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International Journal of HIV and AIDS Research

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Gender and racial differences in enrollment and follow-up in a smoking clinical trial targeting people living with HIV: Implementation and preliminary outcomes

Author(s): Maria Jose M*, Clery Q, Calonie G, Diego B, Castro G, Caroline P and Luis E

Objectives: The identification of key protocol elements and implementation challenges critical to achieve: 1) high enrollment rates of a gender and racially diverse sample and 2) retention rates over 80%, in a smoking cessation clinical trial among people living with HIV.

Methods: Analyses of recruitment, retention and adherence of an ongoing clinical trial with 5 times points. Seven blocks of candidate risk adjustors were included: 1) Type of recruitment, 2) Education, 3) Smoking history, 4) Attitudes toward nicotine replacement therapy (NRT), 5) Type of retention strategy 6) HIV status, and 7) Socio-demographics

Results: Positive outcomes include timely recruitment of 200 participants over 18 months, with a large proportion of women and minorities. Word-of-mouth referral (53%) was the most effective recruitment strategy. Hispanics and males were more responsive to flyers (p=0.04). Females were more likely to be recruited from target clinics or by participating in prior studies (p=0.004). The expectation set forth for the behavioral intervention attendance was a 100% and 99% completed it. However, adherence to pharmacotherapy was 65% instead of 85%. We achieved 88% retention rates in a population characterized by rates as low as 42%. Analyses revealed that Non-Hispanic Whites were less likely to believe in nicotine replacement being effective, and consequently, were often lost to follow-up.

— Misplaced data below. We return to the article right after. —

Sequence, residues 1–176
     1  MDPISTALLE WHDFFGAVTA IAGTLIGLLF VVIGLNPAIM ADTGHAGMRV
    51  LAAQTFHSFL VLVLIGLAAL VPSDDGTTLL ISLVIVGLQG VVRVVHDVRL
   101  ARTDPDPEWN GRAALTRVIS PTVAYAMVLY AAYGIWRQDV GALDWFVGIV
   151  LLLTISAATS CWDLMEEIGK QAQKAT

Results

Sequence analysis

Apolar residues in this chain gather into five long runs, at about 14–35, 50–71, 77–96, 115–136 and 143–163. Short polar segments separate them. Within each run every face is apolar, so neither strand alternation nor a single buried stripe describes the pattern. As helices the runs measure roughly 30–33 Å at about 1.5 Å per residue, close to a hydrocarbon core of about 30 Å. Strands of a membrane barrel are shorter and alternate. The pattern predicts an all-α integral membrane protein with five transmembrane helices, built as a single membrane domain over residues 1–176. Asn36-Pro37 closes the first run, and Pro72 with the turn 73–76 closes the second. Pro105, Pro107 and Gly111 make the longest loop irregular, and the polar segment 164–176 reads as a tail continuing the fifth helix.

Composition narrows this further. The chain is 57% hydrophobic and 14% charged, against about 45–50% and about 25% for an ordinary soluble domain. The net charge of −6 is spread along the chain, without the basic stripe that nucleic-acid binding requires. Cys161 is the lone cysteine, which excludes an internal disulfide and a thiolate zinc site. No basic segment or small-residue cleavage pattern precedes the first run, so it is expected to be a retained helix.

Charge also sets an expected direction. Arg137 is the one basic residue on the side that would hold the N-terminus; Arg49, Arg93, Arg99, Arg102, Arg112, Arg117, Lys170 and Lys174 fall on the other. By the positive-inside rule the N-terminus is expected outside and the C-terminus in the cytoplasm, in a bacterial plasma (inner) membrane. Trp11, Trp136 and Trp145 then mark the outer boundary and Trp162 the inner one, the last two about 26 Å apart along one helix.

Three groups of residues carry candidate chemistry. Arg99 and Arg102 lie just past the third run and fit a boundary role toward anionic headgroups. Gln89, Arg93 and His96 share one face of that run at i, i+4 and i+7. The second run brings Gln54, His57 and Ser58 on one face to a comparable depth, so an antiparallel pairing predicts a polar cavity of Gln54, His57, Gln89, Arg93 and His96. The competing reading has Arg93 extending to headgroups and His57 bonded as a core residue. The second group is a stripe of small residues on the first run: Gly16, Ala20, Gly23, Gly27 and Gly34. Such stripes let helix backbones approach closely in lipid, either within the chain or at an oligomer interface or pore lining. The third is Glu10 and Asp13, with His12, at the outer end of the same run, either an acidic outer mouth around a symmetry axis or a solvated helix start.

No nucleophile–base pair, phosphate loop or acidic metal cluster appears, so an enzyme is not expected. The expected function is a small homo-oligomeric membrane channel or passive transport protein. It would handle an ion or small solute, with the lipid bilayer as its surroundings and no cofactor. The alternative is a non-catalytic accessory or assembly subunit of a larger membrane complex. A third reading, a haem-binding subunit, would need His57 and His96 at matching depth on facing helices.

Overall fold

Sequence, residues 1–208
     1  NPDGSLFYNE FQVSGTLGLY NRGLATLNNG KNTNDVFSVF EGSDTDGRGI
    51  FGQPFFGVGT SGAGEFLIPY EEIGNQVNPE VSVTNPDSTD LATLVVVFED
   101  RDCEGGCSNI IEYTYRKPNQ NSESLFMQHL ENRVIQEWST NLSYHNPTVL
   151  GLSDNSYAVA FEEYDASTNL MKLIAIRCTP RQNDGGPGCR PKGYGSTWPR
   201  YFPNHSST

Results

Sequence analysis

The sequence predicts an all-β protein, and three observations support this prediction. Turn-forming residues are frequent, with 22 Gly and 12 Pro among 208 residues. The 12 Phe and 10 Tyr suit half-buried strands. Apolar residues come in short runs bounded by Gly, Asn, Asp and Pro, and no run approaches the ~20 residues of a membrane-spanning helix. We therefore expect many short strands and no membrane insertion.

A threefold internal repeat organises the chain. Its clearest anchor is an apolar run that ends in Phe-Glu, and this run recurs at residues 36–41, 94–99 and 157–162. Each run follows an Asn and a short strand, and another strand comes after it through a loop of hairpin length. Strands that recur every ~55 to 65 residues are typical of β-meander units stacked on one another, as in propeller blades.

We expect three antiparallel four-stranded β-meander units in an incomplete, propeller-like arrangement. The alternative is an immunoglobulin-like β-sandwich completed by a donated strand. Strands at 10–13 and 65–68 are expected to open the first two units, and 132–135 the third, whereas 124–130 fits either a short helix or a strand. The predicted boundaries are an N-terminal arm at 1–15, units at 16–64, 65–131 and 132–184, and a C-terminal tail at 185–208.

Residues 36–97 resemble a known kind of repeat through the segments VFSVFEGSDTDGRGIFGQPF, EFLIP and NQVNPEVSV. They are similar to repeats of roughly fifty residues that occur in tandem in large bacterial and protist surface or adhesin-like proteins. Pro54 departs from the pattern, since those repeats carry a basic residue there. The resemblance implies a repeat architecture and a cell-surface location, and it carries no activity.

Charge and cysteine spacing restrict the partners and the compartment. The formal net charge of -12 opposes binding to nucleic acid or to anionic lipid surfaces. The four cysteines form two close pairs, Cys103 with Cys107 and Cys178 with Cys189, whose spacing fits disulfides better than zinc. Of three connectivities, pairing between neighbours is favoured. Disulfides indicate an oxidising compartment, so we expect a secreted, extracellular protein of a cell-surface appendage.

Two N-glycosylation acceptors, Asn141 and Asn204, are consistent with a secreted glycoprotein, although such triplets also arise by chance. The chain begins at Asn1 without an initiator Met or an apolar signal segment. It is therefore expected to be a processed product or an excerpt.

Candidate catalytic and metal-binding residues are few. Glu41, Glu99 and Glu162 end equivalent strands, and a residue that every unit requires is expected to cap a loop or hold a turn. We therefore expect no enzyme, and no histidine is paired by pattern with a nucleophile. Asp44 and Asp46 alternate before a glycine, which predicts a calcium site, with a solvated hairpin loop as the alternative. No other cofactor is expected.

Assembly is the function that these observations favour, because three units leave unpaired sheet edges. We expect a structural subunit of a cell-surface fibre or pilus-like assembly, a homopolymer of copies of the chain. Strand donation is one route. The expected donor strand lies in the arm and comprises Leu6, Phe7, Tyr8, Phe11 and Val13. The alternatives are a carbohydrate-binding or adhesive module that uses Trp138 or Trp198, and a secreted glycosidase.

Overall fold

Conclusion: Recruitment and retention of a diverse population of smokers living with HIV can be successful using a combination of methods. However, adherence and attitudes toward pharmacotherapy should be addressed to reach the full therapeutic potential of treatments